Music Department Celebrates Creations
The Music Department celebrates several creations the weekend of April 25-26: the 40th anniversary of Hertz and Morrison halls, the 50th anniversary of the Music Library, and the 200th anniversary of Haydns The Creation, with two performances of the monumental oratorio by the University Chorus.
Conducted by associate music professor Marika Kuzma, the concerts are at 8 p.m. Saturday, April 25, and 7:30 p.m. Sunday, April 26, in Hertz Hall.
The work tells the story of the creation of the world, with texts adapted from Milton's Paradise Lost, Genesis and Psalms.
Soloists will be Dominique LaBelle, soprano; Mark Evans, tenor; and Allan Mosher, 77, bass, reprising the role of Rafael he sang at Hertz as a student 25 years ago. Evans is making his Bay Area debut. LaBelle, familiar to Bay Area audiences for her performances with the Philharmonia Baroque, recently performed in The Creation at Carnegie Hall.
Haydns Creation was wildly successful at its 1798 premiere, says Kuzma. But in its day, despite its popular success, members of Viennas musical elite criticized it for being too pictorial, too literal or naive in its representation of each moment of the creation. And yet its the immediacy of its musical images that makes the work so accessible and memorable.
A short talk on The Creation will be given by music professor emeritus and Haydn scholar Daniel Heartz one hour before each performance. As a reminder that it was Handels oratorios that inspired Haydn to compose his work, a Handel organ concerto, performed by Kimberly Marshall, will open the concert.
The chorus of some 100 singers is comprised of undergraduate and graduate students, alumni, staff and faculty spouses. The orchestra will include students, alumni and faculty, as well as professionals in 18th-century music among them new assistant professor of music and noted baroque bassoonist Kate van Orden and concertmaster Kati Kyme, 76, co-concertmaster of the Philharmonia Baroque Orchestra.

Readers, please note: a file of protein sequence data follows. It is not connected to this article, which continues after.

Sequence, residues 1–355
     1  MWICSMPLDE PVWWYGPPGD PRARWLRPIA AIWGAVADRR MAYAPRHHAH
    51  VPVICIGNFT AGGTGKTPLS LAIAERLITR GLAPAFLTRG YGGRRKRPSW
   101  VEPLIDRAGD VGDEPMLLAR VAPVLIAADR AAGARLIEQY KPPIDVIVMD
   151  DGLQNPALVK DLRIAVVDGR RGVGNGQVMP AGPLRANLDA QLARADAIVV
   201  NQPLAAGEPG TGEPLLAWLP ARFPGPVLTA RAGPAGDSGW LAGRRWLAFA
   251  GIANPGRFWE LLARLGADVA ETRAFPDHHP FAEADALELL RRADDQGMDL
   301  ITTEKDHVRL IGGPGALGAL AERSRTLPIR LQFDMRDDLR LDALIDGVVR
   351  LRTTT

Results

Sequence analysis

The two performances will not be entirely "authentic" in their recreation of Haydn's oratorio, Kuzma points out. The chorus will sing in English, not in the German of the Vienna premiere, although Haydn composed the work to be sung in either German or English. The orchestra will play modern, not baroque, instruments; a harpsichord will be used instead of a fortepiano.
A Music Department symposium, "Haydn's Creation at 200," will precede the first concert April 25 from 2 to 5 p.m. in the Elkus Room, 125 Morrison Hall. Speakers will include Philip Brett of UC Riverside, Simon Williams of UC Santa Barbara, Elaine Sisman of Columbia, and James Webster of Cornell.
Tickets to The Creation ($8/$6/$4) may be purchased in advance from Zellerbach Hall ticket office, 642-9988 and, if available, at Hertz Hall starting one hour before each concert.
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